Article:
While fructose doesn’t elevate your blood sugar in the short term in the way that glucose does, it’s very hard for your body to process because your liver is the only organ that can metabolize it in significant amounts.

— Kellyann Petrucci, MS, ND

Despite having a lower GI, agave is comprised primarily of fructose. Unlike glucose and most other forms of sugar, fructose is processed by your liver, which can be hard for your body to process.

“While fructose doesn’t elevate your blood sugar in the short term in the way that glucose does, it’s very hard for your body to process because your liver is the only organ that can metabolize it in significant amounts," says Kellyann Petrucci, MS, ND, a board-certified naturopathic physician, and a certified nutrition consultant.

Impact on Weight Loss

Both agave and honey are high in calories, but because they are relatively sweet, you would likely use less than white sugar to get the sweetness level you want. This fact could lead to a lower sugar intake overall, says Tara Tamaino, RD, a registered dietitian, and director of nutrition for the Connell Company and the Park at Berkeley Heights.

What's more, some studies have suggested that honey may actually suppress your appetite and help reduce weight gain because of a lower food intake. Similar studies have been done for agave nectar and indicate that it may assist with glucose control.

It is also important to note that people who follow a vegan diet, generally opt for agave over honey. Some consider honey to be a form of animal exploitation and are concerned that the production of honey can endanger bees.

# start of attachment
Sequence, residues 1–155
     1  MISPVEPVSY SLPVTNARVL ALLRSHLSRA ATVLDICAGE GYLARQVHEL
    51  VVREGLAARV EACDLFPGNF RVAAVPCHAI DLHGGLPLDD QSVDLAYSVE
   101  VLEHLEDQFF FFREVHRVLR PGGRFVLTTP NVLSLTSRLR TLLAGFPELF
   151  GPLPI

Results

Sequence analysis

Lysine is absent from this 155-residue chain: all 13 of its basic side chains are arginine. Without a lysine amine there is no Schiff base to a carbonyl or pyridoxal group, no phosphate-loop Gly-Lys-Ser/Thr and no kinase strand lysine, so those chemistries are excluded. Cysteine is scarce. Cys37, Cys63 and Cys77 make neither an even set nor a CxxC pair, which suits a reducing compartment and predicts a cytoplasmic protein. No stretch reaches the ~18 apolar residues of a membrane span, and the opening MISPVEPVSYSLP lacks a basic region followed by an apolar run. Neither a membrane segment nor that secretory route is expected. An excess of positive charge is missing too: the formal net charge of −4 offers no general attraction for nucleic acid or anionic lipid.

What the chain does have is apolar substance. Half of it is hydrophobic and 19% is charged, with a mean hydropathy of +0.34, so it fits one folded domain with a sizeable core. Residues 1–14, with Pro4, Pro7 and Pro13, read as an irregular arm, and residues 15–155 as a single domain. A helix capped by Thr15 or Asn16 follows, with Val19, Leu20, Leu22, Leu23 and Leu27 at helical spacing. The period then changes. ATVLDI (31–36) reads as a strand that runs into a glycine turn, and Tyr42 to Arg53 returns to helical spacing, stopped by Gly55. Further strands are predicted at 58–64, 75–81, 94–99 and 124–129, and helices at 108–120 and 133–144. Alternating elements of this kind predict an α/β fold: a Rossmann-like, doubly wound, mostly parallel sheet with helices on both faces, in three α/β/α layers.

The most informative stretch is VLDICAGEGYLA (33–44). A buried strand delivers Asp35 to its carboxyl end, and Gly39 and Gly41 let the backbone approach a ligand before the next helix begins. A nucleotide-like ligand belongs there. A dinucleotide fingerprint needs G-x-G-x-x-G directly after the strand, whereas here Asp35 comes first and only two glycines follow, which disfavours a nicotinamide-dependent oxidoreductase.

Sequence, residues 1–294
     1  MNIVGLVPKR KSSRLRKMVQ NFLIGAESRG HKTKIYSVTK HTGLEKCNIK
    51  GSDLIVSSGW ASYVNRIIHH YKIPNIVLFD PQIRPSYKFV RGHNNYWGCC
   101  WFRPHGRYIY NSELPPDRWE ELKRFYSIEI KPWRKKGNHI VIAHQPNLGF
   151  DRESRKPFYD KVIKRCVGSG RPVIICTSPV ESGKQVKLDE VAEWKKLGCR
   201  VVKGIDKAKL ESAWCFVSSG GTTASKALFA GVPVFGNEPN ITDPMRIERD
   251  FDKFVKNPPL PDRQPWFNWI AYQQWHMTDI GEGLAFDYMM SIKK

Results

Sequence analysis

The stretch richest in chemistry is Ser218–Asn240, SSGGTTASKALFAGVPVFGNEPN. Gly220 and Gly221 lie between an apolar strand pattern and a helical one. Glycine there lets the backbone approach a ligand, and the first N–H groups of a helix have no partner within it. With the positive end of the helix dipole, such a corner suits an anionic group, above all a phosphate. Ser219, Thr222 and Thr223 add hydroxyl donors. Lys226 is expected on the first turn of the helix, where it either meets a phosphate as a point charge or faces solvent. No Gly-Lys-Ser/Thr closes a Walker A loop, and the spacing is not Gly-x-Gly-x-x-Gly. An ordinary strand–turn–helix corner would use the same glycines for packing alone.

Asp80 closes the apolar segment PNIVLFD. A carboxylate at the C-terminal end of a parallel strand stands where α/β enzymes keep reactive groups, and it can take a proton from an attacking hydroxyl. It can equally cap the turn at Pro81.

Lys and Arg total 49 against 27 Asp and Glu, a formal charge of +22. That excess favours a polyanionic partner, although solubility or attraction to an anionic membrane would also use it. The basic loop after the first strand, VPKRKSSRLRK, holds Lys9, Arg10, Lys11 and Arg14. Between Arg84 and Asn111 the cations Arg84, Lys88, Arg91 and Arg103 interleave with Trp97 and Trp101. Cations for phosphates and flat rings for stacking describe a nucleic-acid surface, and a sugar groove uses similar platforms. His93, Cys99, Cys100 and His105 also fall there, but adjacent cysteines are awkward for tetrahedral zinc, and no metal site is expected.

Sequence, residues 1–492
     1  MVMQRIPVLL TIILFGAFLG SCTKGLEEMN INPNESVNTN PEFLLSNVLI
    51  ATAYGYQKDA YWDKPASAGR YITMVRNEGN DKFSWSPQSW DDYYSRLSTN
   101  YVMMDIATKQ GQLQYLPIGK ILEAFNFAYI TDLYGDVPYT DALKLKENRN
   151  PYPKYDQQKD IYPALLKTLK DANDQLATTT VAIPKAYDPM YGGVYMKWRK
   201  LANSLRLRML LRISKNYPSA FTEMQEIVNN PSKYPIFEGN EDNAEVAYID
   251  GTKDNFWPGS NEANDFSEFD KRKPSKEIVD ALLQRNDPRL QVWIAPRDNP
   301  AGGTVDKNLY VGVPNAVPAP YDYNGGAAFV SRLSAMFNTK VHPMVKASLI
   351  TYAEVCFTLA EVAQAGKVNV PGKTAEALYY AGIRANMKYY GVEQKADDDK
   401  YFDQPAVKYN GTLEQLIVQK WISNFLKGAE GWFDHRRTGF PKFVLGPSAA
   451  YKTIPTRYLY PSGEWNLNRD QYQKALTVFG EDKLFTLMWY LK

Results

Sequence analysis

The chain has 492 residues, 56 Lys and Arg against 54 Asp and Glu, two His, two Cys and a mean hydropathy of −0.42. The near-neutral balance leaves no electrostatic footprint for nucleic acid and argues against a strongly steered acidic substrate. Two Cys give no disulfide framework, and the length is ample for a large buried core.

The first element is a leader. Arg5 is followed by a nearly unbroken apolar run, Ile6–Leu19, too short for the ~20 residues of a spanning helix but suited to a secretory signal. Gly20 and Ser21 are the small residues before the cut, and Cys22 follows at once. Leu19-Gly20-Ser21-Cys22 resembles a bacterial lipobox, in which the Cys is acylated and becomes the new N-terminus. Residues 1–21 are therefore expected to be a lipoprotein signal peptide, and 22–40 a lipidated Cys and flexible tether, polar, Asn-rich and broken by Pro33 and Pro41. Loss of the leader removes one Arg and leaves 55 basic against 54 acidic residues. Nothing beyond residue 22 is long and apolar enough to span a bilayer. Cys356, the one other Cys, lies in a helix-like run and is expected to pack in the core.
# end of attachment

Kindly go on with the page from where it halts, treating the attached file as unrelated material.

Allergies and Other Precautions

When it comes to choosing between agave and honey, there is a lot to consider. Agave nectar is both gluten-free and allergen-free. Meanwhile, honey is naturally gluten-free as well, but due to being created from pollen, it is not completely allergen-free.

Although allergies to honey are rare, there are some people who cannot tolerate honey very well. That being said, honey has been anecdotally reported to reduce the symptoms of seasonal allergies, but these results have not been reproduced consistently in clinical studies.

Kimberly Gomer, MS, RD, LDN

All sugar, including agave [and honey], will raise blood sugar and aggravate insulin.

— Kimberly Gomer, MS, RD, LDN

When it comes to choosing agave or honey based on the claims that they are superfoods or that they will control blood sugar, Kimberly Gomer, MS, RD, LDN, the director of nutrition at Pritikin Longevity Center cautions against automatically ascribing to these claims without speaking with a healthcare provider.

“There isn’t any credible science that points to agave being a superfood," Gomer adds. "It, by itself, is not harmful, but of course, it depends on how much and who is consuming it. All sugar, including agave [and honey], will raise blood sugar and aggravate insulin so anyone who is diabetic, pre-diabetic, or insulin-resistant would want to avoid consuming much or any of it.”

Those trying to stabilize their blood sugar should lean toward other sweeteners like Stevia, suggests Gomer. Additionally, one study found that even eating a moderate amount of high fructose liquids (like agave) may impact your plasma lipid profile and could even contribute to the development of metabolic syndrome.

Additionally, if you are diabetic, pre-diabetic, or insulin-resistant, talk to a healthcare provider before changing your diet. They can help you determine which sweeteners are right for you including whether you should choose agave or honey.

A Word From Verywell

Both agave and honey are natural sweeteners that are sometimes used in place of white sugar. Additionally, agave is a vegan product while honey is produced by bees. While there are some benefits to using either agave or honey, it is important to note that neither substance is a superfood.

To determine which sweetener you should use, or if at all, talk to a healthcare provider or a registered dietitian. They can help you determine what is right for you given your medical history and your nutritional goals.